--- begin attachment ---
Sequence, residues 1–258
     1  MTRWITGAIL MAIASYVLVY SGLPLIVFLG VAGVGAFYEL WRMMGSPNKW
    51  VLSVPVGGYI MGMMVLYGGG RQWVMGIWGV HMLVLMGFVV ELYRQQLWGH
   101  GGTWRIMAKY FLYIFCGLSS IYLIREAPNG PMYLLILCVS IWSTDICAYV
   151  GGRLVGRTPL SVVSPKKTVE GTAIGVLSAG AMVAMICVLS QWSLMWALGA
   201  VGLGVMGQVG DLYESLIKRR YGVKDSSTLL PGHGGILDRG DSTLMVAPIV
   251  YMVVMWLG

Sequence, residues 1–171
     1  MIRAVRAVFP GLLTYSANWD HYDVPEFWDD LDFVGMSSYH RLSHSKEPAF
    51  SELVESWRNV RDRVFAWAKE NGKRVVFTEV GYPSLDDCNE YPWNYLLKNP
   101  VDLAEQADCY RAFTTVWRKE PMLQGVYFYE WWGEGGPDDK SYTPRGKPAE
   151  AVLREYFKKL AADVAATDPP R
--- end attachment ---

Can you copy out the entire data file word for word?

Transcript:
Sequence, residues 1–258
     1  MTRWITGAIL MAIASYVLVY SGLPLIVFLG VAGVGAFYEL WRMMGSPNKW
    51  VLSVPVGGYI MGMMVLYGGG RQWVMGIWGV HMLVLMGFVV ELYRQQLWGH
   101  GGTWRIMAKY FLYIFCGLSS IYLIREAPNG PMYLLILCVS IWSTDICAYV
   151  GGRLVGRTPL SVVSPKKTVE GTAIGVLSAG AMVAMICVLS QWSLMWALGA
   201  VGLGVMGQVG DLYESLIKRR YGVKDSSTLL PGHGGILDRG DSTLMVAPIV
   251  YMVVMWLG

Sequence, residues 1–171
     1  MIRAVRAVFP GLLTYSANWD HYDVPEFWDD LDFVGMSSYH RLSHSKEPAF
    51  SELVESWRNV RDRVFAWAKE NGKRVVFTEV GYPSLDDCNE YPWNYLLKNP
   101  VDLAEQADCY RAFTTVWRKE PMLQGVYFYE WWGEGGPDDK SYTPRGKPAE
   151  AVLREYFKKL AADVAATDPP R